Black people have had a knack of utilising objects designed for their denigration and repurposing them for their own empowerment
In 1956, Vincent T. Cullers set out on a mission to revolutionise the industry. So that it would finally start serving a market that it had been neglecting for far too long. There is no doubt that Cullers was a visionary. He was a Marine combat artist during WW2. Afterwards, he worked hard to get a job at an advertising agency in Chicago. A prominent agency had hired him, but when he arrived, the position had inexplicably vanished. Cullers maintained his art studio and worked as art director for Ebony Magazine at the same time. While working at Ebony, he worked hard to earn enough money to start his own company.
When Cullers decided to start his agency, his pals thought he was nuts. Cullers didn’t care about the paucity of a Black ad agency at the time. The agency was fully operational in 1956, and he worked tirelessly over the next few decades to secure national clientele.
For the Cullers Agency, the demand for ethnic-targeted advertising spurred a passion for showing minorities in national advertising in a better light. After a lot of hard work, the national accounts finally arrived. Cullers proved to his clients that his firm was capable of advertising to any demographic, regardless of race or ethnicity.
Cullers said that advertising to African-Americans required “thinking Black.” As a result, he not only sold to but also educated and employed African-Americans in advertising at his business. Emmett McBain, a recent college grad, was one of those employees.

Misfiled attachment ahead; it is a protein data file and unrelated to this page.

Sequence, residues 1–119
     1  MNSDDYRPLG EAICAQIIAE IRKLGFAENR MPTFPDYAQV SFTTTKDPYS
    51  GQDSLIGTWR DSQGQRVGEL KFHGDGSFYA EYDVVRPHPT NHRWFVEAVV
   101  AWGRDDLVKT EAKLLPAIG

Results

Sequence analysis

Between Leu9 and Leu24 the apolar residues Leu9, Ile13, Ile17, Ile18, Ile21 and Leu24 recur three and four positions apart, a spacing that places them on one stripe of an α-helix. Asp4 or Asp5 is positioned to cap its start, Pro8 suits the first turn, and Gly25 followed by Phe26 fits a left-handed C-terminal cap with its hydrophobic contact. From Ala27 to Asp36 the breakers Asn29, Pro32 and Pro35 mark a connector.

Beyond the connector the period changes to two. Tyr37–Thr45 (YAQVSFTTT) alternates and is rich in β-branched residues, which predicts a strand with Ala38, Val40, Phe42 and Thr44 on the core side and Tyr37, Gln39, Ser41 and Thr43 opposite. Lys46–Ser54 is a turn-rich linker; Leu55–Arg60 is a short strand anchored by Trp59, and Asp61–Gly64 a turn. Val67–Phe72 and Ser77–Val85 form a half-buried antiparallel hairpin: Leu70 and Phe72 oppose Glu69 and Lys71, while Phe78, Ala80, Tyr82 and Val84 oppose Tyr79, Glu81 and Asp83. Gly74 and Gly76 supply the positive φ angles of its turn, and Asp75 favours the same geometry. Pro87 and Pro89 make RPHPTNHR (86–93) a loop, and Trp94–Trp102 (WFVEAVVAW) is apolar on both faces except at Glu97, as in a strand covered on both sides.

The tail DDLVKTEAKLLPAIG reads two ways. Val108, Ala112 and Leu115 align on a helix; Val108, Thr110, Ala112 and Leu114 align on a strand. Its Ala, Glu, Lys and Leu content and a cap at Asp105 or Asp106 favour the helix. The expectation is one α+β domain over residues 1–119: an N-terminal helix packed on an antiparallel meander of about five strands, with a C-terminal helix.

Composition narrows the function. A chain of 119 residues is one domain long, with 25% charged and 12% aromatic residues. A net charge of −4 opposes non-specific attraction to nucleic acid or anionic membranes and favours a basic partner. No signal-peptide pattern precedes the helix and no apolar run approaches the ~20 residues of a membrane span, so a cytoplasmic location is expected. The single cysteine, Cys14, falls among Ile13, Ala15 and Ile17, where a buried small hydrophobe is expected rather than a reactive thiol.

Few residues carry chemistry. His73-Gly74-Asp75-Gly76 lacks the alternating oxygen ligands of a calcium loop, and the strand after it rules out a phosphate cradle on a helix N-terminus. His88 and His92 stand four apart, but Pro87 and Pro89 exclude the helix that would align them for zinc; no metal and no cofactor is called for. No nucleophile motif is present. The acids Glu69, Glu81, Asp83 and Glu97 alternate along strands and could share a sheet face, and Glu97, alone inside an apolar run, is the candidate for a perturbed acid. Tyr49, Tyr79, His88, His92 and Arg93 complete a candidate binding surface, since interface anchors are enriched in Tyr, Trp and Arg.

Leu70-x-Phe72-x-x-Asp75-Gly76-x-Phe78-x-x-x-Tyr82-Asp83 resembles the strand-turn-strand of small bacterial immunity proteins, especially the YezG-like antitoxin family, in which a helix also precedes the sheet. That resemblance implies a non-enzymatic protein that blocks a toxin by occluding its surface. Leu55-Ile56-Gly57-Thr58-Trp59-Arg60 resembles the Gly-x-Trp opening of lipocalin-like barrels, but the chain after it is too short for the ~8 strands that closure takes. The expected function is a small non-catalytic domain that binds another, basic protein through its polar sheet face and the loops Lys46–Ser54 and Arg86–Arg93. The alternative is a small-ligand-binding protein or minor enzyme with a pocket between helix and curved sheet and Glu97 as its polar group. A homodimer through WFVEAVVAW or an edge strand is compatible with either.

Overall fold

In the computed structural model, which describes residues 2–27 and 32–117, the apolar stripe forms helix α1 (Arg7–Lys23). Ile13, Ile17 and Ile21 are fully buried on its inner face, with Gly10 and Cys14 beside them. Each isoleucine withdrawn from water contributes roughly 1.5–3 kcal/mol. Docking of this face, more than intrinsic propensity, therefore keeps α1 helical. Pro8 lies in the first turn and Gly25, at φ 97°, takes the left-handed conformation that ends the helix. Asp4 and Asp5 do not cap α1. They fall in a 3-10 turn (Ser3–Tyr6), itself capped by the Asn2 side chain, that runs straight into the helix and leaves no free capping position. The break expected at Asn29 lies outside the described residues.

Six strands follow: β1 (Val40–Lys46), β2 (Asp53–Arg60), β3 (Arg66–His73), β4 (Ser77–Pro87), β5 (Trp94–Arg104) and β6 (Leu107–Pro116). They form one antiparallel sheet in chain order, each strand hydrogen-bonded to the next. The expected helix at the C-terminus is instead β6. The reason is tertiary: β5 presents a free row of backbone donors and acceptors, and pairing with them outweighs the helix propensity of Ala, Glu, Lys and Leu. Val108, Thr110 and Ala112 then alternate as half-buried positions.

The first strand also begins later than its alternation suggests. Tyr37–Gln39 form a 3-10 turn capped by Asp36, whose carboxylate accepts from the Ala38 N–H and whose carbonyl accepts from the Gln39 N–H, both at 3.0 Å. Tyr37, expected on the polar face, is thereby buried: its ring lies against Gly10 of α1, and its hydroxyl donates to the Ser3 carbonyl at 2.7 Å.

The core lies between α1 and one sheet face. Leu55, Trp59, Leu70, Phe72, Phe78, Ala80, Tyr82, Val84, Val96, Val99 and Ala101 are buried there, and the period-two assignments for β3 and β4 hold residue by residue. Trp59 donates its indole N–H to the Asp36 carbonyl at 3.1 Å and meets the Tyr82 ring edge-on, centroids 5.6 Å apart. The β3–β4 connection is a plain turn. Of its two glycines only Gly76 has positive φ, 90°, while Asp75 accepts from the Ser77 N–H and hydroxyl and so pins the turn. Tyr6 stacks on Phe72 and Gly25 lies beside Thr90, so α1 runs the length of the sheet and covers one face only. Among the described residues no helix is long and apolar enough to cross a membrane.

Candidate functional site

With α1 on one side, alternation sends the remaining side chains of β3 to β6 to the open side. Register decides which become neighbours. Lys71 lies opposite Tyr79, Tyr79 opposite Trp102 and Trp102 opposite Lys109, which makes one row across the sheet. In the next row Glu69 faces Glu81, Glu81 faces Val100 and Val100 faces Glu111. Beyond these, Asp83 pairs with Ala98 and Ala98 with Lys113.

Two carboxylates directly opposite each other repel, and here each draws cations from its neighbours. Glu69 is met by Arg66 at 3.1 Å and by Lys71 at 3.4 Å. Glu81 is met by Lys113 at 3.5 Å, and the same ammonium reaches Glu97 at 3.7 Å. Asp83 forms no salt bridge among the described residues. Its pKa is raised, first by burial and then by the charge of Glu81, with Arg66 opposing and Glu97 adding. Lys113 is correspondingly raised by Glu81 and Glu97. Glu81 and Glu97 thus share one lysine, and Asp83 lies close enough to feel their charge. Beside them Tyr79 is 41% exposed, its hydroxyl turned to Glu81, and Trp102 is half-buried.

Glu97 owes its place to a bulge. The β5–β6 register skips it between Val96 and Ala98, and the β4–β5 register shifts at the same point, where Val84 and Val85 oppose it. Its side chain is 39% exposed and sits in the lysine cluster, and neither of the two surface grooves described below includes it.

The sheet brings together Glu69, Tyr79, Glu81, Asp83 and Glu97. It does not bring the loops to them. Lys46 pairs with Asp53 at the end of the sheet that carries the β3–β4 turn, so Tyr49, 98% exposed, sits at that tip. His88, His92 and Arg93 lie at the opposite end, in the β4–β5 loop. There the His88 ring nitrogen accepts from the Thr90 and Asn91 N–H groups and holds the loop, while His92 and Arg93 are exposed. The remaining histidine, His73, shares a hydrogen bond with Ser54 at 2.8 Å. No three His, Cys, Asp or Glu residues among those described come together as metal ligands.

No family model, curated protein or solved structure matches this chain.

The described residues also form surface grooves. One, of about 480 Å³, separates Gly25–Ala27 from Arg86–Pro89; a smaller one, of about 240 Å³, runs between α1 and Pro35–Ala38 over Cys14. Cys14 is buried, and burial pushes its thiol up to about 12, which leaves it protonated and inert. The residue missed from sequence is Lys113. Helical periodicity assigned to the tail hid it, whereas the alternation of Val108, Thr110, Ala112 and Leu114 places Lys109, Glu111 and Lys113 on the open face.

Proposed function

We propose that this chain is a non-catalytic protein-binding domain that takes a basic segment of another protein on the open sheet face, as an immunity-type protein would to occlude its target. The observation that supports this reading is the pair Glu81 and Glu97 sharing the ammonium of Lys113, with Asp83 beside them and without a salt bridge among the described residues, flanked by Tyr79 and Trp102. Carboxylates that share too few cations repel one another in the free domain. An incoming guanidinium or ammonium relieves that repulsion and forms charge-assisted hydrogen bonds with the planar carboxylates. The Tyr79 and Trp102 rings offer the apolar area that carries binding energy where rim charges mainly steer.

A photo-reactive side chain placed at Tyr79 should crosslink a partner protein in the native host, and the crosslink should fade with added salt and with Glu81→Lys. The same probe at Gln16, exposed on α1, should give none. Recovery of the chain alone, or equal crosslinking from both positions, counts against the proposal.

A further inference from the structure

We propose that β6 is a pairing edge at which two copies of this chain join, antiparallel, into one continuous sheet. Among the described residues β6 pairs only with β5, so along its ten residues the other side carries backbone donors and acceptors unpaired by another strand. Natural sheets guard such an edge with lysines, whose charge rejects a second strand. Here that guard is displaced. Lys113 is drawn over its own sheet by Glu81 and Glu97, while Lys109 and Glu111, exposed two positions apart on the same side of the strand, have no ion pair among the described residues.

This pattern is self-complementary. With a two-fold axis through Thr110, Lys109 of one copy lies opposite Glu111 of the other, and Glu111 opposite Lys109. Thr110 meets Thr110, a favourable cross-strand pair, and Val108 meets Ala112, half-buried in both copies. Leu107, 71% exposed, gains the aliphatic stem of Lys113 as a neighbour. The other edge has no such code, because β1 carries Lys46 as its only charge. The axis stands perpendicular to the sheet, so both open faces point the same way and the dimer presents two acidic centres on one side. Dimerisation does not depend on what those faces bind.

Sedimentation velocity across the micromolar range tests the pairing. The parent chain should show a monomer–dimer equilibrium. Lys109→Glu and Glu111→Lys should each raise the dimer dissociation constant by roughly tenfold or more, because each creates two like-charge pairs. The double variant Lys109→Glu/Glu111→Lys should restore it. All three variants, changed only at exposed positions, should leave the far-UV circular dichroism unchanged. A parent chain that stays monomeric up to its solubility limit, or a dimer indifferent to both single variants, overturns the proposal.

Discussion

McBain left Vince Cullers and joined Playboy Records after two years of commercial experience. McBain left Playboy in 1959, but he continued to design album covers. By the time he was 24, he had designed more than 75 record covers for Mercury Records through his design business McBain Associates. Before returning to Vince Cullers in 1968, McBain worked as an art supervisor at JW Thompson in Detroit.
Advertisements made by McBain to promote his work for the agencies he worked for also show the shift in McBain’s attention from white society to the community’s internal values and culture.
His involvement in the movement for greater diversity in the advertising industry grew during this time, taking on a training and advising role for the next generation of creatives. In 1968, McBain created the agency’s landmark campaign, “Black Is Beautiful.”
Black people have long had a knack of utilising objects designed for their injury or denigration and repurposing them for their own empowerment, as this ad reveals.
He made this activism an important element of his profession. Many have referred to his work as “art with social direction” because of the prominence he gave to black people and black culture in his creations. As a pioneer of “positive realism” in advertising for African Americans, Emmett has been credited with introducing the concept to the industry. Depicting common folks who are proud of who they are and what they represent. One of the most significant ways this impacted the African-American community was by providing black people with the opportunity to see themselves in good light and to feel empowered.